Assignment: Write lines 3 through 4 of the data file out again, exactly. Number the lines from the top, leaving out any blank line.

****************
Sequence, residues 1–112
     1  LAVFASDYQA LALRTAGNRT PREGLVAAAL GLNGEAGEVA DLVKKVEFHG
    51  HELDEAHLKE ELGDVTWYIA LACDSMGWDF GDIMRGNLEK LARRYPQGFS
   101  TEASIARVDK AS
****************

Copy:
    51  HELDEAHLKE ELGDVTWYIA LACDSMGWDF GDIMRGNLEK LARRYPQGFS
   101  TEASIARVDK AS